The ‘This Week in Business History’ Series on Supply Chain Now shares some of the most relevant business and global supply chain events from years past. It will shine a light on some of the most significant leaders, companies, innovations, and even lessons learned from our collective business history.

In this episode of ‘This Week in Business History,’ Supply Chain Now Host Scott Luton shares the story of the founding, growth, and recent challenges of Boeing.

In July 15, 1916, William Boeing and Conrad Westervelt founded Pacific Aero products just one month after they piloted the B&W ‘Bluebill’ into the air above Lake Union in Seattle. In 1917, the company was renamed the Boeing Airplane Company. Although the name is the same as what we know today, the company would go through additional changes before becoming the company we know as Boeing today.

Scott Luton (00:03):

Good morning, Scott Luton here with you on this edition of this week in business history. Welcome to today’s show on this program, which is part of the supply chain. Now family programming. We take a look back at the upcoming week, and then we share some of the most relevant events and milestones from years past, of course, mostly business focused with a little dab of global supply chain. And occasionally we might just throw in a good story outside of our primary realm. So I invite you to join me on this. Look back in history to identify some of the most significant leaders, companies, innovations, and perhaps lessons learned in our collective business journey. Now let’s dive in to this week in business history.

Scott Luton (01:01):

Hello, and thanks for joining us. My name is Scott Luton and today we’re focused on the week of July 13th. Several large corporations got their start this week in past years, but we’re going to dial in on one in particular, a Titan in the aviation industry on July 15th, 1916. We in Boeing and George Conrad Westervelt would incorporate Pacific Aero products in Seattle, Washington. Let’s learn a lot more about William Boeing, the namesake for what would be a pioneering behemoth in the aviation industry and beyond really William Edward Boeing was born in Detroit, Michigan or not Tobar first 1881. His father Wilhelm left Germany when he was 20 years old to chase fame and fortune in the United States. Wilhelm Boeing did well, especially in the timber and mineral industry, but tragically. He died at the age of 42 due to influenza. The year was 1890. His son, William Edward Boeing was eight years old.

Scott Luton (02:15):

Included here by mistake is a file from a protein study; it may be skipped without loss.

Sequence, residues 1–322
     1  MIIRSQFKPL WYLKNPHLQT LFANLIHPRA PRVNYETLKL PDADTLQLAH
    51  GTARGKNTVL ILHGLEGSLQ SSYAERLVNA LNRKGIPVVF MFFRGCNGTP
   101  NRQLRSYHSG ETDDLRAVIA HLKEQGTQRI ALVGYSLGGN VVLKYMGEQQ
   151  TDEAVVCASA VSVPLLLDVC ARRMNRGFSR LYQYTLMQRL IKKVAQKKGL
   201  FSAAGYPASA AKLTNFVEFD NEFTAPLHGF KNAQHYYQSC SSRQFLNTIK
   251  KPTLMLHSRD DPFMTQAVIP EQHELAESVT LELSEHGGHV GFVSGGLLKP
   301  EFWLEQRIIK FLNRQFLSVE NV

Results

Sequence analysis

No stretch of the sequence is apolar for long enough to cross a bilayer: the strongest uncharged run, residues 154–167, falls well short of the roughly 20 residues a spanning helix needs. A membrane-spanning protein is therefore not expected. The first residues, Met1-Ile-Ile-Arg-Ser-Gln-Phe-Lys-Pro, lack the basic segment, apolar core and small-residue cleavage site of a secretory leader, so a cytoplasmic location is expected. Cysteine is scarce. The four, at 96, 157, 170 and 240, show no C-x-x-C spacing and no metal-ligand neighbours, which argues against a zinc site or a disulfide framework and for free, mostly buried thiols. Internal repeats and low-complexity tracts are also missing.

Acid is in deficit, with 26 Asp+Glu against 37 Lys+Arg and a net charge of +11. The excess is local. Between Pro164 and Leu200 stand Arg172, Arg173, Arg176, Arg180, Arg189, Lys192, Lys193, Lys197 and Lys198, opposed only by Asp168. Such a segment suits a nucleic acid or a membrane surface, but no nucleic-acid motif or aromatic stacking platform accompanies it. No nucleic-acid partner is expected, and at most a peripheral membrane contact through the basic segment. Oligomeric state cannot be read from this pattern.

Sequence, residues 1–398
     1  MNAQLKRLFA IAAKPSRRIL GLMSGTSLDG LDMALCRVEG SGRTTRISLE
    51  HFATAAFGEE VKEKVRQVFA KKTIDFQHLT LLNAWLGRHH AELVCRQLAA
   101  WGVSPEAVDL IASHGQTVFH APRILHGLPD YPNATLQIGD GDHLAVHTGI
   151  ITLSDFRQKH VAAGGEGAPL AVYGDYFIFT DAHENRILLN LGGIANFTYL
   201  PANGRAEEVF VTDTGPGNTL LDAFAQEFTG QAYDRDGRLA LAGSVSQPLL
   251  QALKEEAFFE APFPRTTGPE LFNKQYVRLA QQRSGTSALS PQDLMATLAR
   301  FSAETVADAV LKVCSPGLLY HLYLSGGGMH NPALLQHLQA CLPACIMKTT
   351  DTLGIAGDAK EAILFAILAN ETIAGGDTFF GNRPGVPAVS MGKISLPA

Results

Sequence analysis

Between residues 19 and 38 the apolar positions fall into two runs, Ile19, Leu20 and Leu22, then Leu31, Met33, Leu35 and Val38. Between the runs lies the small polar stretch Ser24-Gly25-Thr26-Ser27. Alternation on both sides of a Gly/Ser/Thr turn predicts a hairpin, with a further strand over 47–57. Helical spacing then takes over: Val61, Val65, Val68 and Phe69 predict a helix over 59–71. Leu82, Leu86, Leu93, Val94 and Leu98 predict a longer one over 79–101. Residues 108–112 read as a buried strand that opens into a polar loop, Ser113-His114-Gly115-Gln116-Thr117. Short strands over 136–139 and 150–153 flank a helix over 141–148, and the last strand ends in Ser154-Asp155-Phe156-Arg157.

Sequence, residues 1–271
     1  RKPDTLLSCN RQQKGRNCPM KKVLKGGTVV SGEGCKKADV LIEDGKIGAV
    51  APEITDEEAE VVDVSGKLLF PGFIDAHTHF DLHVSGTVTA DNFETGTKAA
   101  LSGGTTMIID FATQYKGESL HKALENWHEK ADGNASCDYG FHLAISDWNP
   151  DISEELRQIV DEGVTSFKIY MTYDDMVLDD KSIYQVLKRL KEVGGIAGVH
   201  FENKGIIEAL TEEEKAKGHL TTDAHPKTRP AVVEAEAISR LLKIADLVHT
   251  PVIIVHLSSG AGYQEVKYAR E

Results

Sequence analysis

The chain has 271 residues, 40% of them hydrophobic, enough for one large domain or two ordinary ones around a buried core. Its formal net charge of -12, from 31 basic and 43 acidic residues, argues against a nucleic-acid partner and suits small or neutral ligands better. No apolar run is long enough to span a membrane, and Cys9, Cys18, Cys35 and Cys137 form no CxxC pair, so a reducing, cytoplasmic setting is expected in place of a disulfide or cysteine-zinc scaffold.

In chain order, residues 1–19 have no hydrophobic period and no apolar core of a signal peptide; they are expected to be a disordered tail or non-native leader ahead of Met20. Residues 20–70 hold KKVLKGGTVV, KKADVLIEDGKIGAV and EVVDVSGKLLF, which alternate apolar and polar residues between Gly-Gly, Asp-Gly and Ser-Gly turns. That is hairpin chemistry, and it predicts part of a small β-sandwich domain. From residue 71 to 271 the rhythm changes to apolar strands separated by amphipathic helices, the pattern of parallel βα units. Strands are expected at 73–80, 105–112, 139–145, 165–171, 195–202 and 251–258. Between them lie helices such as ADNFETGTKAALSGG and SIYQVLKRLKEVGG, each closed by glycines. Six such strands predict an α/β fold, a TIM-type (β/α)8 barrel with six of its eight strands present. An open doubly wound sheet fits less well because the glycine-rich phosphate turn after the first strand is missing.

And the oldest of all the siblings as William got older, he was sent to school in Switzerland and then later at Yale, but he didn’t graduate and more formal education did not appeal to William Boeing much like his father Boeing was more interested in adventure, ambition and fortune. He’d leave Yale and new Haven Connecticut in 1903 without graduating and Boeing would cross the country and arrive at grays Harbor Washington about grays Harbor. So grays Harbor is roughly 80 miles West of Tacoma. And back at the beginning of the 20th, 20th century, it became one of the biggest lumber capitals of the world. And lumber is what would attract William Boeing to the area. He had inherited some valuable land near grays Harbor. So Boeing set out to learn the lumber industry founding the Greenwood timber company, w within months he caught on fast and was successful enough to purchase more Timberland in the area.

Scott Luton (03:28):

In fact, Boeing’s lumber enterprise would ship a lot of lumber back to the East coast via the newly completed Panama canal, which had opened for business in 1914, he would even finance expeditions across the region, including Alaska. You could say that the lumber industry was very kind and lucrative for Boeing, but it wouldn’t be where he’d make his Mark in history. Six years after Boeing had arrived on the West coast, a pivotal event in business history took place in 1909. William Boeing would visit the Alaska Yukon Pacific exposition. He wouldn’t be alone over 3.7 million people would attend the exposition by the time it was over. So why was Boeing’s visits so important? You ask it was at this world. We are that William Boeing would see his first manned flying machine and thus would be born Boeing’s fascination with aircraft, but he was not content.

Scott Luton (04:36):

Just seeing the aircraft. Boeing just had to get a ride and experience flight firsthand. This was one of the reasons he traveled South to attend the Los Angeles international air meet in 1910. This event was the first aviation meet in the U S on the second aviation meet. At that point in the world, Los Angeles national air meet withdraw an estimated two 26,000 people. Some have said that the event is what launched the Ava industry on the West coast of the country. The event featured several famous aviators of the time. Glenn Curtis, Charles Willard, and the star of the show was Louis Paul Hahn from France. In fact, Paul Hahn was the only aviator at the show that agreed to give Boeing a ride for three days. William Boeing waited for his turn to go up, but he’d be disappointed. Louis Paul Hahn would leave the show before giving Boeing his rod that same year in 1910, Boeing would purchase a wooden boat manufacturing plant on the Duwamish river. Seattle. This plant would eventually be transformed into an aircraft manufacturing plant.

Scott Luton (05:59):

A few years later, Boeing would be introduced to us Navy, Lieutenant Conrad Westervelt. They were both infatuated with flying and became close friends, not long into their friendship. Boeing and Western felt would finally get their shot to ride in an aircraft above Lake Washington. We and Boeing would end up taking, uh, taking flying lessons and would purchase his own plane. His first in 1915, Boeing purchased a model T a from the Glenn L. Martin company. The aircraft was somewhat affectionately nicknamed the flying bird cage. It was a sea plane that was seemingly held together by a bunch of war of wood and wires. Not only did Boeing and his team of employees find a variety of flaws in its construction upon delivery, but the flying bird cage would crash on a test flight with the heap of junk sitting at sitting in his plant and with his burning desire to do nothing but fly, fly, and fly.

Scott Luton (07:07):